The Protecting the Right to Organize (PRO) Act of 2021 takes away a worker’s right to a secret ballot, abolishes state “Right to Work” laws, curtails the rights of small business owners to hire independent contractors, compromises the privacy of millions of Americans, and exposes small businesses to costly boycotts and protests. This legislation has been rejected by the courts and opposed by Congress for decades. NFIB opposes H.R. 842, the PRO Act of 2021. Read NFIB’s letter of opposition here.
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The Legislation Would:
- Abolish state “Right to Work” laws by eliminating section 14(b) of the National Labor Relations Act (NLRA) and would require all employees to contribute fees to a labor organization even if the employee is not a member of the labor organization. NFIB Member Ballot shows 73% of NFIB members support a national right-to-work law.
- Restrict an employee’s ability to accept or reject union representation through a “card check” process, which would eliminate the secret ballot. NFIB Member Ballot shows 79% of NFIB members agree that employers should not be required to recognize unions by way of signed authorization cards.
- Adopt a strict version of California’s “ABC” independent contractor test, which would significantly curtail the rights of small business owners to hire independent contractors. Even California realized that this test would be unworkable for many industries and elected to carve out some of the more affected industries. The PRO Act of 2021 contains no exceptions. Ninety-five percent of NFIB members believe small businesses should be able to hire independent contractors to perform tasks essential to their business.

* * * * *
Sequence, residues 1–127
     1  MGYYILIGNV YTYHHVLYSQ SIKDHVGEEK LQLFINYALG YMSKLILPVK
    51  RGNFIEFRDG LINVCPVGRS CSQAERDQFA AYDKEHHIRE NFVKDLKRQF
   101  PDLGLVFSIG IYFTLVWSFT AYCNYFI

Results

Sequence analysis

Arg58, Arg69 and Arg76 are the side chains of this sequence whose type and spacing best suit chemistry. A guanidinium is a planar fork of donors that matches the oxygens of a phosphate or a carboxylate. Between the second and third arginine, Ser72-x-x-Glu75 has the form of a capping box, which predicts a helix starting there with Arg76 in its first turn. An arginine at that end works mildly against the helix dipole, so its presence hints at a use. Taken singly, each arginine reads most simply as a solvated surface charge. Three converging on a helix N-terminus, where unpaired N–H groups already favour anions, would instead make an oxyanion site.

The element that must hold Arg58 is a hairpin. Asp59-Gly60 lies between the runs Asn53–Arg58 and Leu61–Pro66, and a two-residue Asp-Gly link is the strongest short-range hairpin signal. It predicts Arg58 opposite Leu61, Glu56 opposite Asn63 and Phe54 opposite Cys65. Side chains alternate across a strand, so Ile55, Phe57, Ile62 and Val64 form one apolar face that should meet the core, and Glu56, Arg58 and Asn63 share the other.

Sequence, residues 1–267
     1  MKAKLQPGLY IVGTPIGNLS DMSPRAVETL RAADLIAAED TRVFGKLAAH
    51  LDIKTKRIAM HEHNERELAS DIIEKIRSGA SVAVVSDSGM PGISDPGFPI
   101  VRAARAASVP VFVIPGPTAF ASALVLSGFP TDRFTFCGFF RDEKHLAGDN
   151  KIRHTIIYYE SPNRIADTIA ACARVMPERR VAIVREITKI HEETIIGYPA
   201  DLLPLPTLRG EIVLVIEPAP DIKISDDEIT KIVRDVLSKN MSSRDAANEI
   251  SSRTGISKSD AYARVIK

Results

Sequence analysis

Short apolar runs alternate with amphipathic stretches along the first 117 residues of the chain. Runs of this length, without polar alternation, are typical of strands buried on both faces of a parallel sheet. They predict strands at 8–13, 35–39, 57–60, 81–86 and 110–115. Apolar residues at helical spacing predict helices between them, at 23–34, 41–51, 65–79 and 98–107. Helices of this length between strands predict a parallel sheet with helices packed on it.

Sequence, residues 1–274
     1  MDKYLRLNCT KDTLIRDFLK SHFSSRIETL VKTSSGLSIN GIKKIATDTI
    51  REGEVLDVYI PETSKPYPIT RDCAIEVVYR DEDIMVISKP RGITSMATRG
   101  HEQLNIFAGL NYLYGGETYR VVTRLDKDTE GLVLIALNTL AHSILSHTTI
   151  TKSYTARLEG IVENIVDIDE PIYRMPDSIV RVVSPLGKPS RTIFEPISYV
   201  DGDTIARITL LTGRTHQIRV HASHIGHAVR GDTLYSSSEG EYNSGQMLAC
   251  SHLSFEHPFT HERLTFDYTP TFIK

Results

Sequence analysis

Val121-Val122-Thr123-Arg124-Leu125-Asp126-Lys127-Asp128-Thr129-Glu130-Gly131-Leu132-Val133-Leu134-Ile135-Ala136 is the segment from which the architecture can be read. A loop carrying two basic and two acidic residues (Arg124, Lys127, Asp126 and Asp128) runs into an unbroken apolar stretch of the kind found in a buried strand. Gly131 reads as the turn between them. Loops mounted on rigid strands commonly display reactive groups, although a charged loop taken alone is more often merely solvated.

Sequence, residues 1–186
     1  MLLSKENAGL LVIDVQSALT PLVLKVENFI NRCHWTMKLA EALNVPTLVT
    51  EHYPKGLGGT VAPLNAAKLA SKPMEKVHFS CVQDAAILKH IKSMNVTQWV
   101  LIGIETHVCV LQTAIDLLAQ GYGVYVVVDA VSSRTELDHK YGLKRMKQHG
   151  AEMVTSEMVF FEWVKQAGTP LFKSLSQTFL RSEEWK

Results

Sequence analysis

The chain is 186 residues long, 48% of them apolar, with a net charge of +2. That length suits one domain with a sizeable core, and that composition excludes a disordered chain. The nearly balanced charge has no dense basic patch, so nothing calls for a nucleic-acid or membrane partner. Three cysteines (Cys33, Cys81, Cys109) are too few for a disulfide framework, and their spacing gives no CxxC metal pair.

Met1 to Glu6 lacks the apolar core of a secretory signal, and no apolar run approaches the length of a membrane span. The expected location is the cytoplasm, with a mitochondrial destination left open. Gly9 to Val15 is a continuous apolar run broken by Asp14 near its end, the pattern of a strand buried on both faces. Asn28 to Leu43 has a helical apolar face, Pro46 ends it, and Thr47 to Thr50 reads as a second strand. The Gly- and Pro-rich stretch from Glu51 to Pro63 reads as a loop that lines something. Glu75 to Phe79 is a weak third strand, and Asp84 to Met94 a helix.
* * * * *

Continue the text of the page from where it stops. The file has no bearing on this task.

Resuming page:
- Require employers to provide the personal contact information for all employees to union organizers, without the consent of the employee infringing upon the employer-employee relationship. Ninety-three percent of NFIB members oppose requiring employers to provide the personal contact information of their employees to union organizers.
- Allow unions to participate in secondary boycotts throughout the supply chain, which would inflict economic damage on small businesses that have nothing to do with a labor dispute. Ninety-two percent of NFIB members oppose legislation that allows unions to picket an employer’s suppliers and customers during a labor dispute.
- Codify the National Labor Relation Board’s (NLRB’s) Browning-Ferris Industries joint-employer standard, which would threaten to compromise the small business-subcontractor relationship. Eighty-nine percent of NFIB members oppose requiring a contractor to be responsible for a subcontractor’s hiring practices.
- Impose reporting requirements that would breach small business owner-attorney confidentiality by requiring businesses to disclose any spending on attorneys for labor issues publicly. Ninety-one percent of NFIB members oppose limiting the ability of employers to speak to their workers during union campaigns and elections.